Cults—something readers associate with the barren countryside of America, lonely families tucked deep in the woods, cut off from all other civilisation. Yet Rebecca Stott’s wonderful creative non-fiction, In the Days of Rain, shows us that the reality is far from our shared perceptions. She takes us into the intricate and hidden world of an English cult – the Plymouth Brethren.
At the wish of her dying father, Stott manages to pull together the rich, colourful and troubled history of her early life in the Brethren, and her family’s importance as the overall recognisable face of the Church.
A Professor of a Creative Writing at UEA in Norwich – my own former university – Stott’s account prioritises personal impact above the simple desire to relay history. We get to know and love the characters who feature. We sympathise with the difficult decisions of her father, stand alongside her quiet, stoic mother, and weep for the Great Grandmother who is sent to an Australian mental asylum, a cruel ‘treatment’ for the epilepsy that plagued her life.
We also follow Stott as she makes her own journey through her muddled family history, discovering death, joy, division and love. She travels up and down the country in search of clues that might lead her further into the darkness of the early cult. She places herself in arguably difficult and dangerous situations as she attempts to track down remaining ex-members of the Brethren she was a part of, and even catches of a glimpse of some current practicing members.
Her writing is addictive and brings an already fascinating story to life. Stott is honest in her struggles and what she does not know or understand. The grounding character and force of the entire narrative is her father. They clearly have a complicated yet passionate and loving relationship, especially in his later years. Yet as Stott uncovers what exactly drove him to be the person he was, and ultimately what made him denounce almost of this in a heartbeat, we come to respect the difficult decisions and actually the fear her own, strong, domineering father had. This is something which is unique and often unexplored in such memoirs. Stott’s own position as his daughter, a confined Brethren member, and overall a talented storyteller, means we see all sides of the truth and are left to make up our own minds when it comes to topic of her father. But are we ever really meant to come down on one ‘side’?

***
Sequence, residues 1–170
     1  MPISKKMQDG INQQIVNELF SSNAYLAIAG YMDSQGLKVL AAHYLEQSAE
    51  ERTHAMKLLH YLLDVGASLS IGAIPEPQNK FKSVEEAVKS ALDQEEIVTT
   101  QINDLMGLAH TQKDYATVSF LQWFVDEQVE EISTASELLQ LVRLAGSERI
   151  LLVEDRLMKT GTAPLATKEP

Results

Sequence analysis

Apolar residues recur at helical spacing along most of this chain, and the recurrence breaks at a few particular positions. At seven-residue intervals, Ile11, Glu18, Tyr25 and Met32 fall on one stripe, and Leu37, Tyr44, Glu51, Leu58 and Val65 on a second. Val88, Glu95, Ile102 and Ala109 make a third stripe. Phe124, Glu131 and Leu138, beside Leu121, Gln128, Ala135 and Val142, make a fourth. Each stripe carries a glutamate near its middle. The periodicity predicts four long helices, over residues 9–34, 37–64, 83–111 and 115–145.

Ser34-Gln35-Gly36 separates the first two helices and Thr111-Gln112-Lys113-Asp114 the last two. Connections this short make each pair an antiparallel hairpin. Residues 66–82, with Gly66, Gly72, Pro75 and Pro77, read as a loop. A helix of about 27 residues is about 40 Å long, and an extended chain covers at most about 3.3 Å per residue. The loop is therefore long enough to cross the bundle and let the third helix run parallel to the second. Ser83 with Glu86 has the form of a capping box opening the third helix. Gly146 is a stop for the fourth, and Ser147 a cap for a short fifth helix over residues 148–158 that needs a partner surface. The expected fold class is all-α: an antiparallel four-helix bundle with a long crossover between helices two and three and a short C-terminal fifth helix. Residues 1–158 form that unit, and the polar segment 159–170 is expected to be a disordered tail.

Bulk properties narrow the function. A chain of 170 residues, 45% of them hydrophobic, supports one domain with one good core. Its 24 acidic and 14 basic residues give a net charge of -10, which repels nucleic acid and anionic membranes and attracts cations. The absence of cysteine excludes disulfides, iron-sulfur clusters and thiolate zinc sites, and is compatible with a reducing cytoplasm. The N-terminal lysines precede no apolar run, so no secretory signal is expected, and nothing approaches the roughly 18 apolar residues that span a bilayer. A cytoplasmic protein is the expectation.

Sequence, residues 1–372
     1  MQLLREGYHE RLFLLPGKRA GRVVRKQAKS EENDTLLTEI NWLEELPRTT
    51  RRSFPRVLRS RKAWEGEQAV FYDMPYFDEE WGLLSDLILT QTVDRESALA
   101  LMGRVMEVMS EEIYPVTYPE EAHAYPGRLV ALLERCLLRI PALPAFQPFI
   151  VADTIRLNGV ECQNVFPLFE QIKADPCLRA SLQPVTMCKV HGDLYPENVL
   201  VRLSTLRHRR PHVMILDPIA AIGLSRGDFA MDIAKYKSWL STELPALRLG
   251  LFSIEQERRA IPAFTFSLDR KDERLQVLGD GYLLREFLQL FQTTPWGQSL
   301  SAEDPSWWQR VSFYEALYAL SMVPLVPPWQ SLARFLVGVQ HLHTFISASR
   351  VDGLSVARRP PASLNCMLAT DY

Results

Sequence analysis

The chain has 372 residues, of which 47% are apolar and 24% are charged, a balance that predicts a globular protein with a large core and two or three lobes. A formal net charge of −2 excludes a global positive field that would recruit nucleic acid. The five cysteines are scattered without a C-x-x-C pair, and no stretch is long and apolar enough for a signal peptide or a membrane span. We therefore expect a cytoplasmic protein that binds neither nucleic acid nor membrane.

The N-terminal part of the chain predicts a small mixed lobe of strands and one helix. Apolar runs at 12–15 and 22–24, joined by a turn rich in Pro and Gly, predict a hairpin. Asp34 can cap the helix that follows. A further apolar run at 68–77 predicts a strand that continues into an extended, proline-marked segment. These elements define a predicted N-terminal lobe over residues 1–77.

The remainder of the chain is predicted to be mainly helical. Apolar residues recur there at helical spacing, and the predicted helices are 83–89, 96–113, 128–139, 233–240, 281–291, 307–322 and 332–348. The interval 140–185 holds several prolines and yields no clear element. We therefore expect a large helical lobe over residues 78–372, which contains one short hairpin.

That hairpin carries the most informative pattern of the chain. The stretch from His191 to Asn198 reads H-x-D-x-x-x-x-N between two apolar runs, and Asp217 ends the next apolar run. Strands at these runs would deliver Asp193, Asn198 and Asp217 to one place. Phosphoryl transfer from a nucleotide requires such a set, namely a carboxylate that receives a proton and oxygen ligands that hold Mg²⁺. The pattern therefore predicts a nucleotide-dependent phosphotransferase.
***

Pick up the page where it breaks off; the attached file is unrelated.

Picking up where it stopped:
As the text progresses, father and daughter’s memoirs become intertwined and muddled. We begin to see the differences and similarities of the two characters and just how much her father’s action influenced a pre-adolescent Stott.
We are given more of an insight into the mistreatment of women in the Brethren, a topic that I shamefully haven’t really considered or seen done well in various other literature or documentaries concerning cults. It is a confused and interesting idea that a community, which is taught to maintain the utmost respect for God and their faith, has little consideration for the women that tirelessly kept them going. Stott interjections and sometimes dedicated sections on the topic are filled with passion and written with such care.
This sense of learning as she is writing is felt throughout the memoirs, making for a cathartic experience not only (we presume) for Stott, but also for the reader. She invites us on her literary journey and we complete the full cycle of death, life and death again as we drift along her hazy prose. I say hazy as there are times in which it is. There are moments in which we fill so entirely within yet also outside the narrative – however this merely reflects the bubble environment that the Brethren created.
As a writer who uses my own life-experiences to inform my creative stories, a large part of me was connected to the obvious joys and difficulties that Stott witnessed to tell her father’s – and her – tale. A skilled and careful storyteller, the interjections of period objects, nature, the perfect way she projects the isolation of the cult all bought this fascinating story alive.
As a reader, I felt complete yet also emotionally empty at the texts finish. It is a whirlwind of a story, and a passionate one at that, which leaves the audience thankful for Stott’s beautiful prose.
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